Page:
When It Comes to Judaism’s Claims to the Truth, Jews Don’t Have to Choose between Maimonides and Judah Halevi

July 20 2022

In his new book We Are Not Alone, the Israeli-American philosopher Menachem Kellner seeks, through a study of Jewish theological texts, to resolve a tension between two competing inclinations: “I want to claim,” he writes, “that Judaism . . . is true but I do not want to claim that other religions are false.” At the heart of his book is a debate between two of the greatest Jewish thinkers of the Middle Ages, both born in Spain: Judah Halevi and Moses Maimonides. Shai Held observes in his review:

As Kellner has put it elsewhere, Halevi sees Jewishness as a matter of hardware; Maimonides insists that it’s software. As Kellner presents this issue, Jews who want to affirm the idea of chosenness are forced to choose between Maimonides and Halevi. For a serious reader of the Bible, however, these are not the only options; indeed, neither option is biblical.

According to the book of Deuteronomy, the Jews were chosen because God fell in love with them. Deuteronomy goes to great lengths to emphasize that the setting of God’s heart on Israel was not a consequence of this Israelite quality or that; there was nothing about the Jews that made them uniquely lovable. To put the matter in [Christian] theological terms, God’s choice of the Jews was an act of pure grace, and we cannot learn anything about Israelite superiority from the choice.

A genuinely biblical view of election would embrace Halevi’s insistence that it was God who chose Abraham, but it would endorse Maimonides’ view that there was nothing inherent in the Jews, and surely nothing biological, that made God’s choice somehow necessary or inevitable. Kellner is a thoroughgoing rationalist, so he may find the biblical idea of a God who “set His heart” (the Hebrew word ḥashak has distinctly erotic connotations) upon a particular people both implausible and unpalatable, a troubling image calling for ingenious interpretation. But it’s worth remembering that both Maimonides and Halevi evade the unique vision that the Bible itself offers.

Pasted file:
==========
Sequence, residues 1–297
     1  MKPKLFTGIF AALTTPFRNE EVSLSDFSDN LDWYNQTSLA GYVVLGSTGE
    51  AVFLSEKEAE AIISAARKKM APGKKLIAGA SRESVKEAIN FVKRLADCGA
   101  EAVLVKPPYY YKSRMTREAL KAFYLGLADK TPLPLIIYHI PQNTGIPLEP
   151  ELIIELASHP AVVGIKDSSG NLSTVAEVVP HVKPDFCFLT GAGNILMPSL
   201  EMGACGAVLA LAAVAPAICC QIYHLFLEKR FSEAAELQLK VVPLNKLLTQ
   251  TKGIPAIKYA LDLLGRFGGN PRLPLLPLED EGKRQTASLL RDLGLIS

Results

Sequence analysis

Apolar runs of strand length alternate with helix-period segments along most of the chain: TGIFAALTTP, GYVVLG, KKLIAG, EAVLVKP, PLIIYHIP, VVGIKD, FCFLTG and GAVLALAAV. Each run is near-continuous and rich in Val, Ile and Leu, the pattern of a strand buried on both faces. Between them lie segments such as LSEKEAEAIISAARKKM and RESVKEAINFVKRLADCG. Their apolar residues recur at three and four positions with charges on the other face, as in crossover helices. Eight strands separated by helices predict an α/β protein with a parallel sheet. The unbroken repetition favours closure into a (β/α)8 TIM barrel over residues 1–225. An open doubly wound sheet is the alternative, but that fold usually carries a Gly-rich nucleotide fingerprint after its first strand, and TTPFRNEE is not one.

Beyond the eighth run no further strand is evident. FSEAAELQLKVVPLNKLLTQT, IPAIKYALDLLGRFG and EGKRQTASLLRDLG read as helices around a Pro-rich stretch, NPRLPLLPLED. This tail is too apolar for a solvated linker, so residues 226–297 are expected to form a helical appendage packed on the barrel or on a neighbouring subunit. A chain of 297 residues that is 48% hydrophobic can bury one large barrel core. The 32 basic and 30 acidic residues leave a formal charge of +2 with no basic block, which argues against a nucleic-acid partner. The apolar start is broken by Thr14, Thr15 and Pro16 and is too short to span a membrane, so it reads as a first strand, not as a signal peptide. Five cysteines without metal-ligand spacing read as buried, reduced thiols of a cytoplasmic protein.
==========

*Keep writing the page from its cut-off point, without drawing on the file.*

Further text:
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Read more at Jewish Review of Books

More about: Chosen people, Deuteronomy, Jewish Philosophy, Judah Halevi, Judaism, Moses Maimonides

Why the Leader of Hamas Went to Russia

Sept. 30 2022

Earlier this month, the Hamas chairman Ismail Haniyeh and several of his colleagues visited Moscow, where they met with Foreign Minister Sergei Lavrov and other Russian officials. According to Arabic-language media, Haniyeh came seeking “new ideas” about how to wage war against the Jewish state. The terrorist group has had good relations with the Kremlin for several years, and even maintains an office in Moscow. John Hardie and Ivana Stradner comment on the timing of the visit:

For Moscow, the visit likely reflects a continuation of its efforts to leverage the Palestinians and other issues to pressure Israel over its stance on Russia’s war in Ukraine. Russia and Israel built friendly relations in the decades following the Soviet Union’s dissolution. After Russia invaded Ukraine in February, Jerusalem condemned the war, but made sure to tread carefully in order to preserve working ties with Moscow, lest Russian military forces in Syria disrupt Israel’s strategically important air operations there.

Nevertheless, bilateral tensions spiked in April after Yair Lapid, then serving as Israel’s foreign minister, joined the chorus of voices worldwide accusing Russia of committing war crimes in Ukraine. Jerusalem later provided Kyiv with some non-lethal military aid and a field hospital. In response, Moscow hardened its rhetoric about Israeli actions in the Palestinian territories.

The Palestinian issue isn’t the only way that Russia has sought to pressure Israel. Moscow is also threatening, on seemingly spurious grounds, to shutter the Russian branch of the Jewish Agency.

Moscow likely has little appetite for outright conflict with Israel, particularly when the bulk of Russia’s military is floundering in Ukraine. But there are plenty of other ways that Russia, which maintains an active intelligence presence in the Jewish state, could damage Israel’s interests. As Moscow cozies up with Hamas, Iran, and other enemies of Israel, Jerusalem—and its American allies—would do well to keep a watchful eye.

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Read more at Algemeiner

More about: Hamas, Israeli Security, Russia